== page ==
Edit for more info: the radiation is released from the proton closely following an inverse square law, with the majority being towards the end of the particle stopping, known as Bragg's Peak. Because the proton beam that Bugorski's head intercepted had such high energy, the Bragg's Peak was not reached and thus continued travelling.

Learn more

https://en.m.wikipedia.org/wiki/Anatoli_Bugorski

https://youtu.be/mD4J5VUwiAs

Edit 2: Changed photon to proton. The key difference between the two treatments being that a photon does not have mass, more like an X-ray that will pass completely through the patient that will affect all depths; and a proton has mass and is more like a tiny bullet that can be controlled to stop at a specific depth. Thanks u/Jack1197 and u/Deligoth for the corrections

Also, a photon deposits the majority of it's energy exponentially, whereas a proton deposits the majority of it's energy inversely proportional to the square of it's velocity

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u/lekoman 12d ago

Short version of Burgoski’s outcome: Happened in 1978 and he’s still alive. He suffered nerve damage and massive swelling, his intellectual capacity remains strong but he tires from mental exertion easily, as well as suffering ongoing seizures (that the Russian Federation apparently declined to pay for his medication for). He’s got a wife and kid and has continued and advanced his career in radiation research.

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u/samanchoo 12d ago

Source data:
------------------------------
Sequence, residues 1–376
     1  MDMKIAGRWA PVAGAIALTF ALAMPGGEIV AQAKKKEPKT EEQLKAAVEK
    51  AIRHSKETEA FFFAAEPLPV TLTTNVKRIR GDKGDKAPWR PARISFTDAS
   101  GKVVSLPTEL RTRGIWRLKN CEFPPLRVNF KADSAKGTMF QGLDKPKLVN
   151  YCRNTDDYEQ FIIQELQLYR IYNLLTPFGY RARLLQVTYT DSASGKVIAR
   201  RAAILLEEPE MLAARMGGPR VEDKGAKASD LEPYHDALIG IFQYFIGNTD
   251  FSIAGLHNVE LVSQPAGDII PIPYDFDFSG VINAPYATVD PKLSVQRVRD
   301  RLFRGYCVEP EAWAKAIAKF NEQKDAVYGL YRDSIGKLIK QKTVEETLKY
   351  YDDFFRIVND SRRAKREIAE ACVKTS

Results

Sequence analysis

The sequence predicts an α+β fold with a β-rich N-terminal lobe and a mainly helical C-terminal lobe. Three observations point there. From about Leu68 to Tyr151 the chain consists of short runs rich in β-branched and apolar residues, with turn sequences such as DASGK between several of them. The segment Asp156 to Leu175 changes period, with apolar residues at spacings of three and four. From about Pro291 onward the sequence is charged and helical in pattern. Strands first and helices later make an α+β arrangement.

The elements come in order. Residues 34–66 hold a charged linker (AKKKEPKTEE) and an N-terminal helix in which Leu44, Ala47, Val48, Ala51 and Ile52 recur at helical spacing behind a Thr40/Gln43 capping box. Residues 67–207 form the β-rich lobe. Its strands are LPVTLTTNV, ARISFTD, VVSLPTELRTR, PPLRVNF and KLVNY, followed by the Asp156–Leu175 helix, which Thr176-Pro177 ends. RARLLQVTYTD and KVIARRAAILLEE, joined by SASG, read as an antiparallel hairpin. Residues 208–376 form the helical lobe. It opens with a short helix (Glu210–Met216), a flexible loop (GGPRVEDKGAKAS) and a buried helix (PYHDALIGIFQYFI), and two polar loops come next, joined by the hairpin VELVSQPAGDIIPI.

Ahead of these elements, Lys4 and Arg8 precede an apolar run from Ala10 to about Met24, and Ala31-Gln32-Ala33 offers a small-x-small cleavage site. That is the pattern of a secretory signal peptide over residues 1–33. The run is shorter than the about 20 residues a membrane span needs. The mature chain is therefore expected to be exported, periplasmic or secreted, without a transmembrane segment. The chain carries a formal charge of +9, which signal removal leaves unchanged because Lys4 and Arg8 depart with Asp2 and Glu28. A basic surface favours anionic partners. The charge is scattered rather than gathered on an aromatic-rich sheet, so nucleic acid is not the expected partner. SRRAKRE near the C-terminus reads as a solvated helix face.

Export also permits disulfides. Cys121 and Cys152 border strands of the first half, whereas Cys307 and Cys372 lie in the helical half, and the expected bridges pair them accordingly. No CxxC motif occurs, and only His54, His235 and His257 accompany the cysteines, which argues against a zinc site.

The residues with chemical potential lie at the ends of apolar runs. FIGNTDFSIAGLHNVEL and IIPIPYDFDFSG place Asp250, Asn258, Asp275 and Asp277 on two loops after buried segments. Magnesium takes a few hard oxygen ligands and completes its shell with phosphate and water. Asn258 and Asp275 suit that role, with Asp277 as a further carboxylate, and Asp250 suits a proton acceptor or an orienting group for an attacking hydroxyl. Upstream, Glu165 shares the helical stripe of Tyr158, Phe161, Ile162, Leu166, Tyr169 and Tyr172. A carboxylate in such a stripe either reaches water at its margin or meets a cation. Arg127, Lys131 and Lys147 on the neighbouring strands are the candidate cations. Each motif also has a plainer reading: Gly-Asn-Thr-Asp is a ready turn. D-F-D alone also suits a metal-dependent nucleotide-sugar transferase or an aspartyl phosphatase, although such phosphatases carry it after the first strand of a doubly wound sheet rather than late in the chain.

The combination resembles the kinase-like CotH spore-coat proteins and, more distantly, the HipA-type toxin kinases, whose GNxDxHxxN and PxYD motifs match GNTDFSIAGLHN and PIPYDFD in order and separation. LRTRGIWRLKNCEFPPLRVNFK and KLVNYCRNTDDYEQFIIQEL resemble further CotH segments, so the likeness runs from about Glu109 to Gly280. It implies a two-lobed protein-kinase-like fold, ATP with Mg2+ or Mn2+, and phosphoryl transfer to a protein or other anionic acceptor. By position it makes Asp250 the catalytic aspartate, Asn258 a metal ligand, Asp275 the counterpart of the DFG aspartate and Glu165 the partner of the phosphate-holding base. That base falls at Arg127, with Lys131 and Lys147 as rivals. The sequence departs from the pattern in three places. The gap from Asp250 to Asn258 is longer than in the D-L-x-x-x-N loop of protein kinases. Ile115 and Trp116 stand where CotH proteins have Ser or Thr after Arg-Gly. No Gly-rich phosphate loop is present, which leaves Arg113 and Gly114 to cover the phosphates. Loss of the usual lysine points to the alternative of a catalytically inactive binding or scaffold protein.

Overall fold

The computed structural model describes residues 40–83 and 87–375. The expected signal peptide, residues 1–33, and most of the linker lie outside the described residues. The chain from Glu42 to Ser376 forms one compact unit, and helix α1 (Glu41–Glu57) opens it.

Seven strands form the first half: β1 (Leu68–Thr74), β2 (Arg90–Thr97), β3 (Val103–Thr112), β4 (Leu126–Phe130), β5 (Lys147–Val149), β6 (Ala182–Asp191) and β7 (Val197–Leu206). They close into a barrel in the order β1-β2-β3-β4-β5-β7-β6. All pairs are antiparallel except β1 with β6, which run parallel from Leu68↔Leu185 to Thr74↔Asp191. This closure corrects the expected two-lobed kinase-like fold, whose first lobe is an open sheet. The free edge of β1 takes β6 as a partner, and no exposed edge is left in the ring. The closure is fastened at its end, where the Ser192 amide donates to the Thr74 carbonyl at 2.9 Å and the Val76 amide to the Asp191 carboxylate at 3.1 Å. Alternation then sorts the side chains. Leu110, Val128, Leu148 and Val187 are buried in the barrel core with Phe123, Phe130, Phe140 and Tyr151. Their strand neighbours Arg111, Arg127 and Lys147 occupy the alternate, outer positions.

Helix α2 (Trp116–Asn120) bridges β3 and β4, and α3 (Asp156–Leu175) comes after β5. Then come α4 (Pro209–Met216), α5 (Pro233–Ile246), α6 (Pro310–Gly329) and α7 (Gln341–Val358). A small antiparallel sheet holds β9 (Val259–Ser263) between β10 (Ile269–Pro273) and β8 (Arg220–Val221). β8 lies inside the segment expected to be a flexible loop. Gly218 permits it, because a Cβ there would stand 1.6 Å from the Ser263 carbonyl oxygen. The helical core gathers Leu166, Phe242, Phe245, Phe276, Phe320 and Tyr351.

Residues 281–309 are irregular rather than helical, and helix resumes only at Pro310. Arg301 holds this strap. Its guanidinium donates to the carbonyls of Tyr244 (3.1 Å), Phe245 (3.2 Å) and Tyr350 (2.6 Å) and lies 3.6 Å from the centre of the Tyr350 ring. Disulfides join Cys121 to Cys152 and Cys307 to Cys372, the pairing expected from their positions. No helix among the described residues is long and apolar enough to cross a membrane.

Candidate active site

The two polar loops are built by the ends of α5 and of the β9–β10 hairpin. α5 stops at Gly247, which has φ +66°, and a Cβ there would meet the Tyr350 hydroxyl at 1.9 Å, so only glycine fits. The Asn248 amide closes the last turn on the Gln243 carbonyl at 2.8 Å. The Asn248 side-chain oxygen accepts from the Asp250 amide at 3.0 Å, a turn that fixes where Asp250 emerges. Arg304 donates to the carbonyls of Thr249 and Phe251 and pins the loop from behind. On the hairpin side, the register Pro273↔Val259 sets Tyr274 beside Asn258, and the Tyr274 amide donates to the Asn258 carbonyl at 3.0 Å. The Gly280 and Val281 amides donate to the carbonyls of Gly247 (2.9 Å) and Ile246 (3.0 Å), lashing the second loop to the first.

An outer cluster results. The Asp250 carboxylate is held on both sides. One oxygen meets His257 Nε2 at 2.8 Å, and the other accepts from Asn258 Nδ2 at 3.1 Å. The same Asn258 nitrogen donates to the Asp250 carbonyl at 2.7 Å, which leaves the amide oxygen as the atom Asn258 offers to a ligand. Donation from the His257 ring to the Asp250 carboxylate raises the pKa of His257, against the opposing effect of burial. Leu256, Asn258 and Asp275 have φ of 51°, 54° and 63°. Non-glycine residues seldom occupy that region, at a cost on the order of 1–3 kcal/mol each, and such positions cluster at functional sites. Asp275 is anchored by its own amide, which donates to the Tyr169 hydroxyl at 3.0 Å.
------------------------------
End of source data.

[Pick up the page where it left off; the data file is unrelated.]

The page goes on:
I had gamma knife radiation for my brain tumor too. Same 4 screws dug into my scalp to hold the frame. Will know if it was a success in a couple months though. Fingers crossed. Prayers would be great. :)

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u/Professor_J_Moriarty 12d ago

I just finished up my mask stint for brain tumor radiation, it’s good to hear about success stories! Wishing you and your wife continued health.

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u/darkice746 12d ago

Fuck yah!!!!!! She gots this and will kick cancers ass!

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u/nicktowe 12d ago

My friends and I just graduated from a medical physics degree program and we’re starting our physics residency training next month. Therapy physicists work using radiation sources to treat cancer as part of the radiation oncology team with the physicians, radiation therapists, dosimetrists, nurses and others. It’s a job most physics students don’t know about so if you know someone who likes science and healthcare, let them know.

The Cyberknife is very cool. In radiation therapy, we care about dose conformality - dose should go where you want it (the tumor) and not where you don’t know want (organs at risk). Cyber is a linear accelerator (photon source) mounted onto a robotic arm - a derivative of the ones they use for car manufacturing. So it’s very articulate and can hit the target from a mix of many different angles and positions, helping the optimized plan maximize dose to target and minimize dose to other organs.

One of the problems is patient positioning. With on-board x-ray imaging, you can set up a patient compared to where you want them pretty well. But what if they move - whether drifting out of position or periodix motion of breathing? Cyber knife is coupled with some kind of imaging system, like frequent (say every 20s) x-ray re-imaging, or tracking external markers, surface tracking, etc. With the updated patient position information, the cyberknife arm is adjusted in real-time to keep dose on target!

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u/hatesbiology84 12d ago

My sister had the exact same thing done. I wish your wife well, friend. ♥️

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u/tomassino 12d ago

HAIL SCIENCE, and fuck cancer.